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11 DECEMBER 2017


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Article from BTNews 11 DECEMBER 2017

ON TOUR: Fascinating Tunisia

Airline enthusiast Brother Michael Bartlett, known in civil aviation circles as the Mad Monk, is an inveterate traveller and the Guinness World Records aviation champion. Among his achievements is completing a round-the-world journey by air in 57hr 17min (BTN 9 January). Here, in the second extract from his latest exploit (See Pt 1 in BTN 19 November), Bartlett, a regular visitor to Tunisia with 48 visits in 30 years, recounts why he finds the country so fascinating – and fun.

Tunisia is a land willing and able to satisfy the needs and requests of most visitors, whether holiday makers or business travellers taking a break. There is a wide range of activities available for all age groups, including safaris to the Sahara that can be arranged through most hotels and/or local travel agencies. There is also the enjoyment of a great welcome and the comfort of a good hotel room, usually much larger than most offered in the UK and Europe and at reasonable cost. Local food is enjoyable and varied and there is sunshine and excellent Tunisian wines!   

The first thing to do is to buy a map. Tunisia has a 700-mile coastline, most of it enticing and attractive sandy beach and as well as the mainland to explore there is a variety of islands – best known are Djerba and the tranquil Kerkennah group. Depending on season, Tunis Air Express flies to Djerba from Tunis or Sfax and sometimes Monastir and Enfidha. 

For Kerkennah, which has been described as “Little Eden”, visitors have to take the small car and passenger ferry boat from Sfax, which is great fun, to deserted beaches where the only noise heard is the lapping of the waves. The villages are tiny, with twisting streets and a big welcome from the local people and visitors should not miss the local food speciality of octopus in sauce. Waders in plenty provide a sight for birdwatchers.

In Tunisia’s far north is the resort of Tabarka, built around the stylish marina Porto Corallo. With warm dry summers and mild winters, the northern coast is usually lush and green, in contrast to the south. A boat trip to La Galite island, some 35 miles from the coast and a big diving centre, is an adventure. There is a nature reserve, and hiking, birdwatching and horse riding are regular pursuits in the Khroumirie Mountains. The whole area is a nature lover's paradise.

In the south-west is Metlaoui, which can be reached by the tourist train called the Lezard Rouge, or Red Lizard. This operates between Metlaoui and Selja a few times a week during the summer, a round trip of about 32km, and consists of 19th-century carriages beautifully restored some years ago.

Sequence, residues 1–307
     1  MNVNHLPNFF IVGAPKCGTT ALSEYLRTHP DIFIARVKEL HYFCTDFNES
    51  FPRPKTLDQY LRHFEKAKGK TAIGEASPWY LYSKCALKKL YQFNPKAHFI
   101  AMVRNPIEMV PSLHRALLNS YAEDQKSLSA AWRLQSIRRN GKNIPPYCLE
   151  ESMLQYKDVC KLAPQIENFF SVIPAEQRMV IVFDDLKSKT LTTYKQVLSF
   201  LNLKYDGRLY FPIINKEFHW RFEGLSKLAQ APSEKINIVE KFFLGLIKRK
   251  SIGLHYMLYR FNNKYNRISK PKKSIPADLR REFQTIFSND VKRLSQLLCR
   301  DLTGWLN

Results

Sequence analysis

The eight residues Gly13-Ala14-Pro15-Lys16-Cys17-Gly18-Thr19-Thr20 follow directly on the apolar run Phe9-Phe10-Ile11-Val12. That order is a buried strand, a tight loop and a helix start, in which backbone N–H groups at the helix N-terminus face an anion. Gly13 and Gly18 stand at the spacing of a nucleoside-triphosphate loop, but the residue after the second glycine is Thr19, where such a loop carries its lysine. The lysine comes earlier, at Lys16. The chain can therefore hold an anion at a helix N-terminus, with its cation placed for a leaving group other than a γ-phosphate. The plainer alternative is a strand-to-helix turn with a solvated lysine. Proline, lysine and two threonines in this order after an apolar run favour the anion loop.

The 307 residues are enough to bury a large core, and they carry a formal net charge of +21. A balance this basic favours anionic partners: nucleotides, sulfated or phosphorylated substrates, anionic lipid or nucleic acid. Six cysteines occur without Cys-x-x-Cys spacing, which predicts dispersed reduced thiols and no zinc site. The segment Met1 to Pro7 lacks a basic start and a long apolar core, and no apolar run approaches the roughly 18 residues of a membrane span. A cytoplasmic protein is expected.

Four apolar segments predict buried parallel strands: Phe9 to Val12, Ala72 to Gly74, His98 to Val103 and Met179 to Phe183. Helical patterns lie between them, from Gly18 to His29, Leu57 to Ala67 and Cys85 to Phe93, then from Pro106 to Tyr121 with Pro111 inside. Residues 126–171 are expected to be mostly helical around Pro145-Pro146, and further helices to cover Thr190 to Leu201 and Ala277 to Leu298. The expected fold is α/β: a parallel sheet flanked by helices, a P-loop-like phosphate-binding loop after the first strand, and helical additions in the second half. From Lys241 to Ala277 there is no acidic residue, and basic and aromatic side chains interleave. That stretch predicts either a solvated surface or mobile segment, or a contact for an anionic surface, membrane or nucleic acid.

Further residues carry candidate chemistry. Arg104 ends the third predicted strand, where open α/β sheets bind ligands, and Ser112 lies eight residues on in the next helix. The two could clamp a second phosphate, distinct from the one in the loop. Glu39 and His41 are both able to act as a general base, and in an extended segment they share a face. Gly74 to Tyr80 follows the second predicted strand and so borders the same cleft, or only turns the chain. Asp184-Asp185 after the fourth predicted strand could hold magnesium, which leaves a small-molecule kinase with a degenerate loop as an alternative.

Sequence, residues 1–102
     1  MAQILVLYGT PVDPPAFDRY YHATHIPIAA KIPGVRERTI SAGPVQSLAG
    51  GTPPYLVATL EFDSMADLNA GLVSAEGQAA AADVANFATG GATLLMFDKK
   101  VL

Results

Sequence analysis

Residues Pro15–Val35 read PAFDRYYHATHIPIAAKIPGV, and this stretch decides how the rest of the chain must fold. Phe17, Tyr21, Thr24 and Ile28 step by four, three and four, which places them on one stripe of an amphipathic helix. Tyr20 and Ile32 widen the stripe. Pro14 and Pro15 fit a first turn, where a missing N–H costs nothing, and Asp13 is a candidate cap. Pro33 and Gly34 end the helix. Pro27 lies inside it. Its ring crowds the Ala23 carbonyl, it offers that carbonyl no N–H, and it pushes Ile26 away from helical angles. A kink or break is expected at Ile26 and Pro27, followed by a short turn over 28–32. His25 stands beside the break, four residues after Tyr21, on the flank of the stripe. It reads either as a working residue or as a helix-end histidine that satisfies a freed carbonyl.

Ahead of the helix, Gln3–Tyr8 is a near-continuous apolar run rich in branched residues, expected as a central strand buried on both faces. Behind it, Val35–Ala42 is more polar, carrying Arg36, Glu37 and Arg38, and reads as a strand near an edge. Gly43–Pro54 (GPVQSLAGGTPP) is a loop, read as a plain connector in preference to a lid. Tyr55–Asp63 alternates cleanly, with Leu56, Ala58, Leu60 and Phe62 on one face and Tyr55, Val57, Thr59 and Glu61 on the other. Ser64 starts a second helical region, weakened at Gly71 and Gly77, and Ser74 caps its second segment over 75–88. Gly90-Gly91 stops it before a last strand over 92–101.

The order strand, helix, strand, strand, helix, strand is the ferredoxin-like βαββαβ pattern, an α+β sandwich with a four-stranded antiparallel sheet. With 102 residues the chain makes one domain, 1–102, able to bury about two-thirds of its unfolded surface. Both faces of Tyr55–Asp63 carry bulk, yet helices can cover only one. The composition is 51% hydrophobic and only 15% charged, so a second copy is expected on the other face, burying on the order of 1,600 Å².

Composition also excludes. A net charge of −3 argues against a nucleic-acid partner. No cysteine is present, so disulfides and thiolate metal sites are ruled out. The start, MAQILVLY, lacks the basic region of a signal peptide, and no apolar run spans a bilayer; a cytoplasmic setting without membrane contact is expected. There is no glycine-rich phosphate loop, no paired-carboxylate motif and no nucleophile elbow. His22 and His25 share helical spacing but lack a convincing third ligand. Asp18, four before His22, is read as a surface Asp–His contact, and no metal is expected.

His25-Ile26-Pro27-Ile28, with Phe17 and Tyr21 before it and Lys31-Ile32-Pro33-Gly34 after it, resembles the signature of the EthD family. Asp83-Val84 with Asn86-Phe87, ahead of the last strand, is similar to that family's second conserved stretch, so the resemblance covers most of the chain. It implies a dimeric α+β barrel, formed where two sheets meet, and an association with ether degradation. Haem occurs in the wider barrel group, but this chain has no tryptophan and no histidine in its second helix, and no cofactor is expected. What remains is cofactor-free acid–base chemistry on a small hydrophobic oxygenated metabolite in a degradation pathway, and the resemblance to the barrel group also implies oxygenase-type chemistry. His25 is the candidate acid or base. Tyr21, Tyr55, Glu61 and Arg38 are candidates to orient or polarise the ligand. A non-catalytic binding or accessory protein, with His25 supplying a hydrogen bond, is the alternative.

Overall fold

The other cheap way of exploring the immediate countryside is the local bus network, which serves numerous cities, towns and villages and towns. The most popular and best known are Carthage, Tunis, Sousse, Sfax, Gabes and Tozeur, not forgetting Gafsa, Monastir and Mahdia, Kairouan, El Djem, Matmata and a host more. 

Carthage boasts museums dedicated to archaeology and oceanography, Sidi Bou Said has a Museum of Musical Instruments, while the Museum for Popular Arts and Traditions at Le Kef is a mine of information about equestrian tradition, clothing and jewellery relating to life as it was in the Bedouin tents. Other noted sights are the amphitheatre at El Djem and the famous mosque at Kairouan, but the list of museums must also include the one in Tunis devoted to mosaics. The Bardo, former palace of the bey, or local ruler, was renovated in 2012 and is full of Roman antiques and mosaics.  

Along with the buses and the national railway which serves the major centres and a metro line between Sousse, Monastir and Madhia, an easy and fairly cheap way to travel is the “Louage”, a system of cars usually providing for five people between cities. They go as and when there are enough passengers. The cars are a good way to meet interesting people and everyone is made welcome. 

With a recorded history that began well before the birth of Christ with the Phoenicians sailing from Asia Minor and establishing various trading places, Tunisia  is a fascinating and varied place to visit, a pleasant country of great historical value plus good weather, interesting food and a warm welcome. I can’t wait for my next visit.           


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